Yes, natural hoof care has been around along time and many people feel it's the only way to keep a horse. There are also many people who believe all horses must wear iron shoes. I think the thing that I noticed most about 2011 is a broad, mainstream acceptance of barefoot hoof care. Horse owners that have had every horse shod for years now have one or two going strong barefoot or booted. I've noticed a change in thinking, it's no longer a debatable topic but a successful tool in the bag of tricks of the equestrian trade.
Here is my list of why I believe natural hoof care made a big step forward in 2011, why it will continue in 2012 and where EasyCare needs focus in the future. I'll start with #1 and cut right to the chase.
1. Pete and Ivy Ramey release a monumental book about natural hoof care called "Care and Rehabilitation of the Equine Foot". Pete and an incredible group of contributing authors (Robert Bowker, Hilary Clayton, Brian Hampson, Eleanor Kellon, Kerry Ridgway, Debra Taylor and Kathryn Watts) lay out the importance of hoof care theory, nutrition and the hoof, trimming different parts of the hoof, laminitis management and feral horse foot studies. The book is incredible and a must read for equine professionals, horse owners and anyone who cares for the equine hoof. If you believe in the phrase "No Hoof, No Horse" this book will bring your knowledge to a whole new level.
2. Tevis Cup 2011. The toughest 100 mile horse race in the world tests horses, riders and hoof care management techniques more than any other venue in the world. Jeremy Reynolds wins both the Tevis Cup and Haggin cup using Easyboots on a barefoot horse. In addition to Reynolds impressive results, Easyboots were used on the 3rd place horse, 5th place horse and an additional 6 horses in the top twenty. In total 28 barefoot/Easybooted horses finished the 2011 event. The Tevis Cup continues to show that barefoot/booted horses care compete and win at the highest levels of equine sport.
The Reynolds Racing Team accepting the 2011 Haggin Cup. Marvel is wearing Easyboots.
3. Horse Journal names the Easyboot Glove as Horse Journal Editor's Choice and the Easyboot Trail and Horse Journal Best Buy. Horse Journal is a cool equine magazine that does a great deal of product testing and reviews. They don't take advertising dollars so their reviews are usually very good and on target.
The Easyboot Glove on an early testing run. EasyCare's hopes for this boot have come through.
4. EasyCare has promoted the $10,000 Hoof Boot Contest since 2005. Although the Hoof Boot Contest has been very successful and has helped promote hoof boots and barefoot horses in one of the toughest equine sports, 2011 will bring an end to the successful $10,000 Hoof Boot Contest and we will soon launch the inaugural 2012 International Transition Challenge. The Transition Challenge will showcase horse owner and hoof care professional horse transitions. The new contest will highlight the importance of routine hoof care maintenance, proper nutrition and exercise. The change of direction will take our contest focus off long distance racing and put money and energy into a contest where improving the lives of horses will be highlighted and rewarded. More information will be coming soon.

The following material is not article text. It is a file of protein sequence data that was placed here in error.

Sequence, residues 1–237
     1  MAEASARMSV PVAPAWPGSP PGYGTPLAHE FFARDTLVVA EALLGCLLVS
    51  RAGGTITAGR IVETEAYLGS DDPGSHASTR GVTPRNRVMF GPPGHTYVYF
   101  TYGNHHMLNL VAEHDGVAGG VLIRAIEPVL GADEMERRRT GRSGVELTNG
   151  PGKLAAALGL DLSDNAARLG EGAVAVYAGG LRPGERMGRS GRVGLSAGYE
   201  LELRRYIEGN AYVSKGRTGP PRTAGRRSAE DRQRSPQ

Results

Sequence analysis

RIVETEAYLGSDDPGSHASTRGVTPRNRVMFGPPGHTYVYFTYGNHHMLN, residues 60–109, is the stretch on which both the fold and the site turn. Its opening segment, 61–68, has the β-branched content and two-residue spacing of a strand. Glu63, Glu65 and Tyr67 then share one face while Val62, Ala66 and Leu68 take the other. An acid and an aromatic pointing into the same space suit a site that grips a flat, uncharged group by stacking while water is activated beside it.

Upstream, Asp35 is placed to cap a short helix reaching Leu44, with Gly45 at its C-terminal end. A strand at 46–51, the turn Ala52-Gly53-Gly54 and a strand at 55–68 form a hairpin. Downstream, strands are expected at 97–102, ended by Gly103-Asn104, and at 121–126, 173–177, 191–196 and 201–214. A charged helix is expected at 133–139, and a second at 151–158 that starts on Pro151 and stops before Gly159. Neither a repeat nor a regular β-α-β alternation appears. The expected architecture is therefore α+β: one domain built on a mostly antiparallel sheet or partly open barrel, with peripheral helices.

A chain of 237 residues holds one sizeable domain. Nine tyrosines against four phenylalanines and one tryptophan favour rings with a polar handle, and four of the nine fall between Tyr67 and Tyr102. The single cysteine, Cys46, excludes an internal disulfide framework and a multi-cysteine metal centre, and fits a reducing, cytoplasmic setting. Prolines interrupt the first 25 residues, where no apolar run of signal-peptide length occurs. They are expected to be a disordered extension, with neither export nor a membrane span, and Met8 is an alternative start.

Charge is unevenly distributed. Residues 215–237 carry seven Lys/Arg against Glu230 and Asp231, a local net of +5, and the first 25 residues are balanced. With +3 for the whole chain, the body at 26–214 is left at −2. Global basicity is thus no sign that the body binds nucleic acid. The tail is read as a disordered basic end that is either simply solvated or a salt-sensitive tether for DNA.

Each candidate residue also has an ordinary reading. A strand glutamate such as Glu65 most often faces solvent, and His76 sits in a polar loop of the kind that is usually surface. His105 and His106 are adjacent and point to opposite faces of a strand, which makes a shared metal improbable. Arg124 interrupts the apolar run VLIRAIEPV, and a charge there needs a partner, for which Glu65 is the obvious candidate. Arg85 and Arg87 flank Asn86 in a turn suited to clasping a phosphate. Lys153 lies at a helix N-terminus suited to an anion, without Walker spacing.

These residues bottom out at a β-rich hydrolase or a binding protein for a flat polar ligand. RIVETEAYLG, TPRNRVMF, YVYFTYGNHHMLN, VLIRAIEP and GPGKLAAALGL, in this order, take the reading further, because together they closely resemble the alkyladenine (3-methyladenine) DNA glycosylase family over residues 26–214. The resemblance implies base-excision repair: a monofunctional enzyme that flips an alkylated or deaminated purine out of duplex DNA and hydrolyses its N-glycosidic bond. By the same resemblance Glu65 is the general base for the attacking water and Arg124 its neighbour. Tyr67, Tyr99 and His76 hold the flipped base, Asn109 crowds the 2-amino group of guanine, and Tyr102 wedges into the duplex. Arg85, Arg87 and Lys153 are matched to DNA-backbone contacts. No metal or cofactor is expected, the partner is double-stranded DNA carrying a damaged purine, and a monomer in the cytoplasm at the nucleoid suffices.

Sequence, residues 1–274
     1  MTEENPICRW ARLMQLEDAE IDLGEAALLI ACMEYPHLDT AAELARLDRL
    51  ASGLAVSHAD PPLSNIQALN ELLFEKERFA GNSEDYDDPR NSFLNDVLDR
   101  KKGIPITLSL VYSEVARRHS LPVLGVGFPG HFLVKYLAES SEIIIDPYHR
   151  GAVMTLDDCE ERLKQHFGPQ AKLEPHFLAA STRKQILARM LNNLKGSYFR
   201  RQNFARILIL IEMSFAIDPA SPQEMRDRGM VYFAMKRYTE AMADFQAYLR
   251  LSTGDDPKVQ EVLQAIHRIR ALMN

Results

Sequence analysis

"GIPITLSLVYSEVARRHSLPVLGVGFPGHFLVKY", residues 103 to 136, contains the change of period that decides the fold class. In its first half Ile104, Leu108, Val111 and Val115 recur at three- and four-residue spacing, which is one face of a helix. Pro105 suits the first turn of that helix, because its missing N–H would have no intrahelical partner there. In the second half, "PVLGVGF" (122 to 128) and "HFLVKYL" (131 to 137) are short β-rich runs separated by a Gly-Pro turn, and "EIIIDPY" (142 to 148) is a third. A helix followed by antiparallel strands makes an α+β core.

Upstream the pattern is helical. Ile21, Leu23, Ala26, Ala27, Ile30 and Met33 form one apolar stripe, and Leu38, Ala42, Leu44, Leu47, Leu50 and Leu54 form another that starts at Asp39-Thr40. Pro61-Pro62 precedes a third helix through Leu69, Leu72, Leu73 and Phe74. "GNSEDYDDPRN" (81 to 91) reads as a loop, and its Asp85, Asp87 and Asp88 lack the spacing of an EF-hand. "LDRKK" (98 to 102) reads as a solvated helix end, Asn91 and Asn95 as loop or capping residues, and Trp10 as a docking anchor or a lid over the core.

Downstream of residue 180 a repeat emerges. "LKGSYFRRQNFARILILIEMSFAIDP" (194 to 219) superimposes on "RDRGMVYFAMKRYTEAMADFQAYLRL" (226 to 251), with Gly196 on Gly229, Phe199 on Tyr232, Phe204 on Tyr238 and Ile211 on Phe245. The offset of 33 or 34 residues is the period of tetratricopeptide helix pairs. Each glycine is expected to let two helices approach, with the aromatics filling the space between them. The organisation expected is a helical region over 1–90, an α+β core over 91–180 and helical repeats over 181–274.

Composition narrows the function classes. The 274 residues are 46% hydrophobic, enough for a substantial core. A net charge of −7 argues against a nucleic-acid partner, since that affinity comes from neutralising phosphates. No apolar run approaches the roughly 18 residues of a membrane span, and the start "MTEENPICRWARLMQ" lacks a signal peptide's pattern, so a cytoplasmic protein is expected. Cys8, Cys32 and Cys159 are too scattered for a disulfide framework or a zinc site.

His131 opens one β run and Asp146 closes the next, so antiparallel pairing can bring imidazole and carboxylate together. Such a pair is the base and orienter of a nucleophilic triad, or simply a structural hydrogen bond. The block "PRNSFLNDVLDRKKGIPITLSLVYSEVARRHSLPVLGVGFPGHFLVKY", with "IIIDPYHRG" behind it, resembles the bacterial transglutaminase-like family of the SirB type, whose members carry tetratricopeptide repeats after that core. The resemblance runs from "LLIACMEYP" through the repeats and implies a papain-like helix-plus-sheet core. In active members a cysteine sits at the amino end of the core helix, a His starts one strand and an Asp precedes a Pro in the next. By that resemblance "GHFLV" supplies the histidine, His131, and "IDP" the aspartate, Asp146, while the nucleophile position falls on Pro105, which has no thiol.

Before and After transition photos showcased in That's My Horse #2.
5. Advancement, another area of focus for EasyCare in 2012. It's 2011 and in many areas of the equine industry we are still using products and methods developed hundreds of years ago. Why do other sports like cycling, skiing, climbing, and running continue to advance? If you look at a bike developed 20 years ago you would think it belonged in a museum. If you looked at a saddle developed 20 years ago you would think it looks just like the saddles being made today. One of EasyCare's goals moving forward is to borrow technology from other industries and bring it into the equestrian industry. Time to look at things differently.
President & CEO
I have been President and CEO of EasyCare since 1993. My first area of focus for the company is in product development, and my goal is to design the perfect hoof boot for the barefoot horse.